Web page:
6 Things to Know About HOA Board Meeting Protocol

One of the most basic duties of the HOA Board member is to attend regular meetings. During regular Board meetings, the members of the Board will discuss important business related to the Association, and make key decisions about the community’s life, finances, shared spaces, insurance, vendors, governance, and beyond.

If you’re new to serving on the Board, it’s only normal to have some questions about what these meetings are like. Consider just a few basic points about Board meeting protocol. By keeping these points in mind, you can be well on your way to productive, effective, perhaps even enjoyable Board meetings.

These tips come via Kuester Management Group. We provide HOA management in Huntersville NC, Charlotte NC, Myrtle Beach SC, and HOA Management in Fort Mill SC.

Important Points About Board Meeting Protocol

1) Your association bylaws will stipulate how often to meet. 

How often should you hold regular Board meetings? That’s not up to you; it’s something that should be clearly spelled out in the governing documents of your Association. If it isn’t spelled out, you can seek to make a wise, judicious decision based on the size and complexity of the HOA. (You may also wish to consult someone from your management team.)

Note: In addition to stated meetings, you may also have occasional emergency meetings, to discuss time-sensitive business.

2) There are guidelines in place for participation.

Who can participate in Board meetings… and how? A few quick notes:

  • To conduct HOA business, you’ll need a quorum. That means you need a certain number of Board members in attendance. The specific number for quorum should be outlined in your bylaws.
  • For the annual meeting, at which homeowners are asked to attend, you may be required to send written notice, a certain number of days in advance. Again, check the bylaws for specifics!
  • Your bylaws will likely denote that any homeowner may attend or speak at a meeting. However, it is reasonable that homeowners submit their request to speak in advance, simply so that you can include them in the meeting agenda. Also note that you may go into an executive session to discuss confidential matters. Executive session is open only to Board members, and is usually invoked to discuss sensitive legal subjects involving homeowners.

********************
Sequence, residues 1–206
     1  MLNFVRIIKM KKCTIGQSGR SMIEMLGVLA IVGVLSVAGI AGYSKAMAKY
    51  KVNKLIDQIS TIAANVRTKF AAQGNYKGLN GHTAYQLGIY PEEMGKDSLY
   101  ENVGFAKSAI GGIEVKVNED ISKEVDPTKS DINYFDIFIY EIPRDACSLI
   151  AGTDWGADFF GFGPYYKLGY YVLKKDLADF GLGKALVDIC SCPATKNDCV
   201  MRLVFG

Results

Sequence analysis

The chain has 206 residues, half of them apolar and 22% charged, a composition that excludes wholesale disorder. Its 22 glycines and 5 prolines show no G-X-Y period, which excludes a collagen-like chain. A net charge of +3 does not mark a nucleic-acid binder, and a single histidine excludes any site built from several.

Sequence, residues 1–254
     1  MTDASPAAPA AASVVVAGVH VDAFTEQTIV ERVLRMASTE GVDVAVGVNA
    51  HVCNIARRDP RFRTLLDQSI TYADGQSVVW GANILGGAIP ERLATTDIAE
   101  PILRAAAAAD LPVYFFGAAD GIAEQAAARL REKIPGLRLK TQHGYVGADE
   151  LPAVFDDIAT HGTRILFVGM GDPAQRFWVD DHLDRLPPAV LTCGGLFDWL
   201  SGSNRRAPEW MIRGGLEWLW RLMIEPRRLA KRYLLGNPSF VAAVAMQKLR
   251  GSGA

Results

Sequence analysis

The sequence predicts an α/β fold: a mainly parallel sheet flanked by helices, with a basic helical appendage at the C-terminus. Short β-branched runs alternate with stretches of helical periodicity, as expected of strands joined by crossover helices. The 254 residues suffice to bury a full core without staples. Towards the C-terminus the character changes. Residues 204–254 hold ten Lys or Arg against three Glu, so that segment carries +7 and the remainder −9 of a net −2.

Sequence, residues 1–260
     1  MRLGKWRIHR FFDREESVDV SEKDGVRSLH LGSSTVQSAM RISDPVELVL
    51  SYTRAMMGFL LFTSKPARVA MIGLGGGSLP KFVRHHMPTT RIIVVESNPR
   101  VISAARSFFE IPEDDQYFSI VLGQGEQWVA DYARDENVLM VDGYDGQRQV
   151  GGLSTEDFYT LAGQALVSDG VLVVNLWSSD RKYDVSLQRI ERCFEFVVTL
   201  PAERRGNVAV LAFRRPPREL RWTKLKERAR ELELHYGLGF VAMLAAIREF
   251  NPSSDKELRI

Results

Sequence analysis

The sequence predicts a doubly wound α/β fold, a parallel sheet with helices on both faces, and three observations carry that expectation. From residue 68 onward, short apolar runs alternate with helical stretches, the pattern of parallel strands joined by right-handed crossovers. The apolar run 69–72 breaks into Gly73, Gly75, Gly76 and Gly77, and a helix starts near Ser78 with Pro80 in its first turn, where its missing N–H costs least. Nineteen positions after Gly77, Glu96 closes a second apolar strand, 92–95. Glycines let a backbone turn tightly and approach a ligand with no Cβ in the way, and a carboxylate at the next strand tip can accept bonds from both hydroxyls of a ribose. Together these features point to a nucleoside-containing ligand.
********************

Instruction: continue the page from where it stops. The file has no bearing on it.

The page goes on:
3) You should always have an agenda.

To make certain Board meetings are run as expediently as possible, create an agenda in advance, including all of the business you need to discuss and decisions that need to be made. Whenever possible, stick to that agenda closely.

4) Someone should record meeting minutes.

Your bylaws will almost surely require someone to record the minutes of each meeting, and to read aloud the minutes from the previous meeting. This is so that there is always a record of what goes on at each meeting. Keep in mind that, in most states, homeowners have a legal right to see and review those minutes.

The minutes don’t need to be a complete transcript of the entire meeting. Instead, they should provide a full summary of motions put forward, votes taken, and actions decided upon.

5) Parliamentary procedure is your friend.

At any Board meeting, it’s important to follow parliamentary procedure. This ensures that everyone is following the same rules and methods for conducting Board business. One of the most popular options for parliamentary procedure is Robert’s Rules of Order. Be sure you know which procedures are favored on your Board before you show up for your first meeting.

6) You should aim for formality.

A final consideration as you get ready for your first meeting with the Board: Try to keep things as crisp, formal, and business-oriented as possible. Ideally, your meetings should last no more than an hour to 90 minutes, and the entire session should be spent covering the crucial action items on your agenda. Socializing with your fellow Board members is great, but save that for after business has concluded.

Frequently Asked Questions

The best tip is to have a carefully-planned agenda, and to stick to that agenda as closely as possible.

To conduct any official business, you’ll need to ensure the right procedures are followed, including meeting the threshold for a quorum and recording meeting minutes.

Any votes, discussion items, or actions that are under consideration. Also be sure to note any homeowners who have asked to speak at the meeting.

Always hold the annual meeting in accordance with your Association bylaws.

Of course, though any official business must be saved for the formal meeting.

No, though you may need to go into an Executive Session to discuss confidential legal matters.

Usually, it’s the President who sets the agenda.

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Bryan Kuester

Bryan Kuester

Bryan is the CEO of Kuester Management Group. He has over 15 years of managing community associations throughout North and South Carolina.

His specialties include Community Association Management - maintenance, budgeting for operational and reserve funding, long-range planning, covenant enforcement, amenity management, onsite management, large scale management.